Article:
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The owner of the decaying Vernor Building could face up to 17 months in prison and hefty fines after being convicted of 35 violations in Buffalo Housing Court.

City prosecutors will push for the maximum penalty when the owner of the building, in the 700 block of Main Street near Edward Street, is sentenced by Housing Court Judge Henry Nowak in September. Last week, Nowak found Tech Associates of Cleveland, the building's owner, guilty of numerous violations. They include a gaping hole in the roof, damage to the terra cotta facade, broken windows, missing bricks and debris.

Each of the 35 violations carries a maximum penalty of 15 days in jail and $1,500 in fines for every day the problems remain unresolved. City officials intend to ask the judge to impose stiff penalties against David Shifrin, Tech Associates' owner.

"In our opinion, this is a case of total neglect," said Assistant Corporation Counsel Lenora B. Foote.

Randolph C. Oppenheimer, Tech Associates' attorney, did not return calls to comment Monday. But in an earlier affidavit, Shifrin spoke of a half-dozen development efforts that been launched involving the Vernor Building, two of them by the city. Oppenheimer said in an interview last spring that his client spent "a very significant amount of money" hiring architects and engineers to develop several plans for the structure that is just east of the Theater District. He said the owner wasn't about to pour more money into the building unless he couldrecoup his losses.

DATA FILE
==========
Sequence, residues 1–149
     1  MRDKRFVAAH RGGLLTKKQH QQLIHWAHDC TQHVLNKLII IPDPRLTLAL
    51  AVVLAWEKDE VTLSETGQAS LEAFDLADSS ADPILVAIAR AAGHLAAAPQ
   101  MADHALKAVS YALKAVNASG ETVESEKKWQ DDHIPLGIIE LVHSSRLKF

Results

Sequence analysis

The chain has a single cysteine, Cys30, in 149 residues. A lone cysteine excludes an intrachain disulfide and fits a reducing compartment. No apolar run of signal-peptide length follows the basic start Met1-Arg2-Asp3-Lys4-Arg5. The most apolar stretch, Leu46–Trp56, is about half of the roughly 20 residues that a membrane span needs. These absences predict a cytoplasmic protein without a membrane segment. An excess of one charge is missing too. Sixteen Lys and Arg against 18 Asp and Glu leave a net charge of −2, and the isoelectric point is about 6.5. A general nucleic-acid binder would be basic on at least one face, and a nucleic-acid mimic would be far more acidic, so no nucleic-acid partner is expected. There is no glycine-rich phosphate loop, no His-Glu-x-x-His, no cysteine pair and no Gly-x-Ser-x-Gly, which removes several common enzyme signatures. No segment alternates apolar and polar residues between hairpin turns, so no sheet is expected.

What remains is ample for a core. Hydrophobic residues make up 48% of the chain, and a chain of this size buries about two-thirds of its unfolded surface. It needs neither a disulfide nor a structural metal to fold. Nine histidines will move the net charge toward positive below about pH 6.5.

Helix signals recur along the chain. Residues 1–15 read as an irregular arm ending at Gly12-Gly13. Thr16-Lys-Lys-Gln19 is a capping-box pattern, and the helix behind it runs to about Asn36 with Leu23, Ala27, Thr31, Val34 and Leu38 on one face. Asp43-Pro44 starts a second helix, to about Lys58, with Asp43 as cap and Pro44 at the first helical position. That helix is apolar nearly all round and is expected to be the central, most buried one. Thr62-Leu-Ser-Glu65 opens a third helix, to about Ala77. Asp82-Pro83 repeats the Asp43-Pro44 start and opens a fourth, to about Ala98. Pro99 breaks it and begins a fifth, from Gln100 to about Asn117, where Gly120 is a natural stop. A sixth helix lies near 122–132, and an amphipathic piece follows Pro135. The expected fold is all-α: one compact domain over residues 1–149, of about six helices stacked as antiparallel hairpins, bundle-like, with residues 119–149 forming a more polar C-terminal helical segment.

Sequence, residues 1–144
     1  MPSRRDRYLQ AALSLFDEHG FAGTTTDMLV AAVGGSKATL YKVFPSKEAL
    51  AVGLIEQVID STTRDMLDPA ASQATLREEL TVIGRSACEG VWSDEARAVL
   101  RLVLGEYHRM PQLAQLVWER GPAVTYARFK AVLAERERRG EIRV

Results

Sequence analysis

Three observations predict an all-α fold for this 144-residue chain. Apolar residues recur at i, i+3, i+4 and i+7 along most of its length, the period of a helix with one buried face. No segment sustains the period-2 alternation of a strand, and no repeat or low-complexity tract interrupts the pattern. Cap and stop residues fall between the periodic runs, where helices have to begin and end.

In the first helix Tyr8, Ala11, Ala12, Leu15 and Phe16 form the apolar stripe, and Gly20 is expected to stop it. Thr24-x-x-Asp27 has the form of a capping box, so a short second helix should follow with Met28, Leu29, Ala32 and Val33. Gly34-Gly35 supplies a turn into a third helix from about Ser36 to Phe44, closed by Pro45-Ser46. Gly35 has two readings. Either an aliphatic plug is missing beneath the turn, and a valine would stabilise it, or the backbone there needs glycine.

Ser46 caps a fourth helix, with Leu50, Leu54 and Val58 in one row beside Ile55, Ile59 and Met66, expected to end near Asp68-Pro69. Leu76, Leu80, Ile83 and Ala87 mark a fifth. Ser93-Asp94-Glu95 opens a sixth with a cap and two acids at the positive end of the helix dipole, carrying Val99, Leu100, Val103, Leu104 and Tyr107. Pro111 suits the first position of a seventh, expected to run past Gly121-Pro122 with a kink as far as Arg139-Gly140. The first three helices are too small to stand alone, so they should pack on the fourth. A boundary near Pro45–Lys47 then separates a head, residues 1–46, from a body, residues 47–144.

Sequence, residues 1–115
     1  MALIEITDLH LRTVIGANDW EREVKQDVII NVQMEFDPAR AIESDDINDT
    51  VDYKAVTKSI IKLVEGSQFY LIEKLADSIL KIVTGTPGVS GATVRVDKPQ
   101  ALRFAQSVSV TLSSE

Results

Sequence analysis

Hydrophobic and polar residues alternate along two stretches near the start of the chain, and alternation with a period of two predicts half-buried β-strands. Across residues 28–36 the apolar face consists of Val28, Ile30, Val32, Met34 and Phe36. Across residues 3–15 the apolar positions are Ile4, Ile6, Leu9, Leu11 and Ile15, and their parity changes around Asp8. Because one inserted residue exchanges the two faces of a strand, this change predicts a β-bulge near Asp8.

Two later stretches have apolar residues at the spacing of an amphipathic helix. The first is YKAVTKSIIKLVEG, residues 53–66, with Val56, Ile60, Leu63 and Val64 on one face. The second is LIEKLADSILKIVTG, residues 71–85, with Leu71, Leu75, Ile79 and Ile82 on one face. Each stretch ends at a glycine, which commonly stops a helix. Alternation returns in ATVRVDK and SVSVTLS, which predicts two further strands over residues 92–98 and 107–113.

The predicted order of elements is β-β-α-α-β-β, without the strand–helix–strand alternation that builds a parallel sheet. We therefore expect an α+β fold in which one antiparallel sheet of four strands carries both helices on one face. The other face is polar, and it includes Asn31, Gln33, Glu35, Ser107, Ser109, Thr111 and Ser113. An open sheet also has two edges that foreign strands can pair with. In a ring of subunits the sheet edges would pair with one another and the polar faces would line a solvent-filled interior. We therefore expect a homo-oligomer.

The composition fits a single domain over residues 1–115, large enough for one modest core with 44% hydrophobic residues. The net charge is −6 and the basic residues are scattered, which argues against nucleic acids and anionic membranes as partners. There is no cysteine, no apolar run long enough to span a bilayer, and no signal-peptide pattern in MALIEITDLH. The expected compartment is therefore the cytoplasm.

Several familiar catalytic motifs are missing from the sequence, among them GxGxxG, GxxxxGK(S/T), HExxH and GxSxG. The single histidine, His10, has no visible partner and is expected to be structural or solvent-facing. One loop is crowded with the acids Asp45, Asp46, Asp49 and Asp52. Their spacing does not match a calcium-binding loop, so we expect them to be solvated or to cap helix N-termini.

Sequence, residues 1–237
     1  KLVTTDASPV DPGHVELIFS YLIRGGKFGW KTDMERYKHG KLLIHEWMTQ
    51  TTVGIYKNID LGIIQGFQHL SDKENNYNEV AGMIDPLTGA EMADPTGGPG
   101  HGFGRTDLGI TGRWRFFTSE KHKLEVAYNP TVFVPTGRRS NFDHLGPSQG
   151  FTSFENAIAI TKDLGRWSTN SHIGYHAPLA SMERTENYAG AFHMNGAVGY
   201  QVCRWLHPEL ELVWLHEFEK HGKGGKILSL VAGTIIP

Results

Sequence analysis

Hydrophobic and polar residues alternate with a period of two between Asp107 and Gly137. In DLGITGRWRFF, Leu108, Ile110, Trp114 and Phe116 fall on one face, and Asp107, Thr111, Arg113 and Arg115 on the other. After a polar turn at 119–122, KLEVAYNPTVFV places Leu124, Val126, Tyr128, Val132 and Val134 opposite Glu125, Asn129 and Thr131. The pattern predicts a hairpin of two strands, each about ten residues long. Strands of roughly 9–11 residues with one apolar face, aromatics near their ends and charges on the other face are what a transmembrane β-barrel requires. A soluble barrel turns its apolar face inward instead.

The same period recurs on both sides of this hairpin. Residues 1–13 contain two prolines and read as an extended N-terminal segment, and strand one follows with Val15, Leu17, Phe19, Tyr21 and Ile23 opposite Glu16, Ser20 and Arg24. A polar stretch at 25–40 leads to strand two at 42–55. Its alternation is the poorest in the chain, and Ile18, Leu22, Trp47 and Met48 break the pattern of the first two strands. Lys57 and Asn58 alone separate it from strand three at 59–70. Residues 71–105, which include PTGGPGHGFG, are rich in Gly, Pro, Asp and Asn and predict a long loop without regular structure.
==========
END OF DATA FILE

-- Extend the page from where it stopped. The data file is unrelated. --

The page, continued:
A demolition application filed by Tech Associates has been pending before the city Preservation Board for "quite some time," said board Secretary Thomas Marchese.

Earlier this year, Nowak temporarily barred the emergency demolition of the building. But he raised questions about its prospects for rehabilitation. A construction analyst testified that repairing the building would cost more than $3 million. Saving the facade and razing the rest of the building would cost about $700,000, he estimated.

"We're waiting for direction from the (city) Law Department," said Marchese, of the pending demolition application.

Built in the early 1900s, the structure once served as a Pierce-Arrow Motor Car showroom. The building is named after the soft-drink company that moved in after Pierce-Arrow relocated.


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